At Miami Art Week, Thousands of Works Created by Human Artists—and a Few by Artificial Intelligence, Too
AICAN presents a booth full of work created by AI at Scope. But viewers still have a lot to learn.
If you ever needed an example of a subject that appeals to a niche audience, you could do a lot worse than selecting the synthesis between art and machine learning (commonly simplified into the phrase “artificial intelligence”).
While interest in the genre is certainly growing, particularly after this October’s screaming (and misleading) headlines about the alleged first-ever auction sale of a work created by AI at Christie’s, it’s safe to say the process and implications of this relationship remain light-years away from intuitive, even to committed art lovers. So it’s not quite the type of work that you would expect to see championed at Scope Miami Beach, one of the decidedly more populist fairs of this year’s Miami Art Week.
Which is exactly why it’s surprising to find the AICAN booth occupying pride of place inside Scope’s beachfront tent. Developed by Ahmed Elgammal, a computer science professor and founding director of the Art and Artificial Intelligence Lab at Rutgers University, AICAN is a software initiative that aims to elevate algorithmic art from imitation to autonomous creativity. The acronym stands for “Artificial Intelligence Creative Adversarial Network.” It’s a mouthful that would tip off machine-learning pros—and machine-learning pros only—that Elgammal and company are up to something slightly different than the likes of Obvious, the French trio that engineered the record-breaking Christie’s sale.
Unlike so-called Generative Adversarial Networks (often shorthanded as “GANs”), AICAN isn’t trained on a highly specific set of images—say, oil-painted Renaissance portraiture—and tasked with outputting a new image close enough to the inputs to fool a discriminator algorithm into recognizing the new image as manmade. Instead, Elgammal programmed AICAN to crawl an ever-increasing dataset of images from western art history, ranging from portraits to landscapes to abstractions (and beyond). The software has now absorbed over 100,000 training images primarily sourced from WikiArt and online museum collections. (It’s like art school, but for algorithms.)
Using this reference pool, the software must then contend with two opposing directives in its own coding: to create something stylistically innovative, but not too innovative. Think of it as the Goldilocks principle of software art. AICAN even generates its own titles based on data from the works in its training set.
In an interview with artnet News, Elgammal said that he instilled these principles into AICAN to try to replicate the workings of the unconscious human mind. The underlying contention is that true creativity comes from fresh concepts. “Art is about an idea, not execution,” he explained. Software unable to transcend this divide will only produce skilled mimicry at best and outright gimmickry at worst.
Elgammal believes AICAN will be able to forge new frontiers in both machine learning and the humans interacting with it. From the outset, he designed AICAN to be a true “creative partner” to flesh-and-blood artists—a force that can inspire new directions in their practices and new potential in the minds of viewers.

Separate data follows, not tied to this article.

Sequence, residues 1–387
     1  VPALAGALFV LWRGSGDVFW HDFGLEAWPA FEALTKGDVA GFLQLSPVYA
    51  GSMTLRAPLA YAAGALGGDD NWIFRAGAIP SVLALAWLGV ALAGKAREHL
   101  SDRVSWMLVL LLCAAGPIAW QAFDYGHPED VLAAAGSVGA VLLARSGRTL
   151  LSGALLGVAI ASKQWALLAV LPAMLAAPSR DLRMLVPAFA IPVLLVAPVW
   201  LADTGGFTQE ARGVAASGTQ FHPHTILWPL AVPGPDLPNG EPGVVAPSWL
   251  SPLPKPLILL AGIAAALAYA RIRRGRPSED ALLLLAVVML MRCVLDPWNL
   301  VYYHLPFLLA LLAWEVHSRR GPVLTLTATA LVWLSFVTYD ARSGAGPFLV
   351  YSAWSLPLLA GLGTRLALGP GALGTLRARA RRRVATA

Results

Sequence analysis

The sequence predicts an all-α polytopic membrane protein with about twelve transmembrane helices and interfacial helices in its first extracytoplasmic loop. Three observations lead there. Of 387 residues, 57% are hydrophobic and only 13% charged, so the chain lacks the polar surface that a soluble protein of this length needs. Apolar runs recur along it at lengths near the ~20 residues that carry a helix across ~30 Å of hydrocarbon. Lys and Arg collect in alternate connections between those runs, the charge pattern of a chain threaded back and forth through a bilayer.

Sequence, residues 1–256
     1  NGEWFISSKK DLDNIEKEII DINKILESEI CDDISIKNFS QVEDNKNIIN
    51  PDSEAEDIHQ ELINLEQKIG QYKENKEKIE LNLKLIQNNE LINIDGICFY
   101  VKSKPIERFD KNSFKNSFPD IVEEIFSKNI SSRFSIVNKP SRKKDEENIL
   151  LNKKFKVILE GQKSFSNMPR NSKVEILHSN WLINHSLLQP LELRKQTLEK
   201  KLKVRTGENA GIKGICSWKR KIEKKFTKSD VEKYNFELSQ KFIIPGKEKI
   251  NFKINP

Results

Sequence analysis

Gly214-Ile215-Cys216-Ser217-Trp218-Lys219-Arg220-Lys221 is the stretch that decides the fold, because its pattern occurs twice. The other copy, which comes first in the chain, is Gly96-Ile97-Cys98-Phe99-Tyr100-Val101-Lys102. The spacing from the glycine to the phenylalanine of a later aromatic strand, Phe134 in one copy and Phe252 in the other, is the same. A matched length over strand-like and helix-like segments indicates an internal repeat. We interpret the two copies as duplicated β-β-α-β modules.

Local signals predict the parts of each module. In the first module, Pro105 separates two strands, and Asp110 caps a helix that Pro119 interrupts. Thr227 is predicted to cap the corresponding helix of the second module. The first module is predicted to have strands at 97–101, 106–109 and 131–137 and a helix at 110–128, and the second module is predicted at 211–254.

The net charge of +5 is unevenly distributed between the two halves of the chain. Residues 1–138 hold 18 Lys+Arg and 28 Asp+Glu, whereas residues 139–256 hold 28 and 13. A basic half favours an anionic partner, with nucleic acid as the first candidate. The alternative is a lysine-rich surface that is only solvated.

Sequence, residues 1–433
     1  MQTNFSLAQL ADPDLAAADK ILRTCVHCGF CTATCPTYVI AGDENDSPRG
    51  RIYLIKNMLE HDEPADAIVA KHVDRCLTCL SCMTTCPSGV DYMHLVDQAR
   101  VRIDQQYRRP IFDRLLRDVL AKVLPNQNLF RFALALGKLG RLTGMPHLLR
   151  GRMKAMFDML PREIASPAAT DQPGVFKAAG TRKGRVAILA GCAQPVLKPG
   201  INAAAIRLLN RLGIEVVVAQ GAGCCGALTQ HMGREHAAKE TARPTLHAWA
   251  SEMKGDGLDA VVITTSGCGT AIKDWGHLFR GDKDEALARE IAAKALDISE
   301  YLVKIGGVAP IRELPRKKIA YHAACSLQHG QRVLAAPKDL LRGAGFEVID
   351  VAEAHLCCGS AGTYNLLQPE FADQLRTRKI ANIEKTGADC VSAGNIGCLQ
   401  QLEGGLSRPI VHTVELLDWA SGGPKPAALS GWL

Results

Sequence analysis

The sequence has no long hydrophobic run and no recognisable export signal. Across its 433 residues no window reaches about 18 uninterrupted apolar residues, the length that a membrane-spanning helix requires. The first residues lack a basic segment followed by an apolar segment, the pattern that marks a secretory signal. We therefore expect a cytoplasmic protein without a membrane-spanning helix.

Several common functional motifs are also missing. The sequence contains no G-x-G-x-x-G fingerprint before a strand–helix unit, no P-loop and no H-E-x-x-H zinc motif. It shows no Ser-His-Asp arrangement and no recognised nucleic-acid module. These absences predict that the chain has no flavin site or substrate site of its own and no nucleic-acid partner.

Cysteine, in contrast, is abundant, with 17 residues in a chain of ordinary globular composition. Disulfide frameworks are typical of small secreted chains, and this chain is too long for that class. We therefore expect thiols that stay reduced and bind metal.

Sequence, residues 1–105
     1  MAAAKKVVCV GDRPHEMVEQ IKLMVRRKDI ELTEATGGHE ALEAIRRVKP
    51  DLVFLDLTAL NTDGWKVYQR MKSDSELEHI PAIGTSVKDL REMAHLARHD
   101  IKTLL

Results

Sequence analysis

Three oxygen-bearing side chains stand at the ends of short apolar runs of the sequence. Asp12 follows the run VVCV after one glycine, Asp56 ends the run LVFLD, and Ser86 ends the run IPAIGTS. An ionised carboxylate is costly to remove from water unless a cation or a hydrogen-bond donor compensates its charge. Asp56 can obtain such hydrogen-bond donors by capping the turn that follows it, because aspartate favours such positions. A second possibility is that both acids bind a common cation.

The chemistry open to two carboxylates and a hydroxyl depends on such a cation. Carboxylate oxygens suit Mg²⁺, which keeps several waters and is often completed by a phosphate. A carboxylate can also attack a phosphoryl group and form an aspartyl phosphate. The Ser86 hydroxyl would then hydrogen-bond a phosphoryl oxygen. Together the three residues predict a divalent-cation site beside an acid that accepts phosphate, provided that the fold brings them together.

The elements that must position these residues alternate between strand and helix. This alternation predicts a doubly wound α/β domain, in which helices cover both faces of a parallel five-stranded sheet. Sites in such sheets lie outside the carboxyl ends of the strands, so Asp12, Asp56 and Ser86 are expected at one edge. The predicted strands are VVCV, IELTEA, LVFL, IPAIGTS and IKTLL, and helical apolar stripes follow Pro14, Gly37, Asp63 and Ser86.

While the vast majority of the works on view at Scope were generated exclusively by the software, the special presentation also includes collaborations between AICAN and two artists: Tim Bengel and Devin Gharakhanian. In each case, Elgammal worked closely with the artists to devise custom methods for the software to complement or expand their usual processes. Although the results are printed onto aluminum just like many of the AICAN-only works, they are also instantly recognizable as different from the rest of the stand (as well as from one another).
Aiming for Awareness
Another deviation of sorts concerns Elgammal’s perspective on the fair’s purpose. Works were priced from $8,000 to $25,000 at press time; a handful of works were pre-sold and one more had been placed by Friday morning. (For comparison, another AICAN work sold for $16,000 at a recent benefit auction.) However, Elgammal and his dealer, Jessica Davidson of Davidson Art Advisory, have agreed to prioritize raising awareness over making sales this week. “It is more important that people see this as quality art,” said Elgammal. “We want this [genre] to become mainstream.”
The opening days of Scope seemed to advance the ball toward that goal. Both Elgammal and Davidson described visitors’ responses to the works as overwhelmingly enthusiastic. The most common assumption among first-time viewers was that the pieces had been created entirely by a human. But once they learned about the influence of the machine, their interest generally deepened rather than receding.
Still, this doesn’t mean that everyone perfectly understood the works’ origins or implications. According to Davidson, most people tend to focus on the production process, whereas she and Elgammal are keen to steer them toward the conceptual layer. But making that shift often involves educating curious visitors that AICAN’s works are generated by software, not hardware. “People tend to think it’s painted by a robot,” said Davidson.
Clearly, the community of artists and advocates engaged with machine-learning still have plenty of educating to do. And if you can’t make it to Scope to see AICAN for yourself, scroll down for more images of the works in the booth.
AICAN is on view at Scope Miami Beach through Sunday, December 9, 2018.
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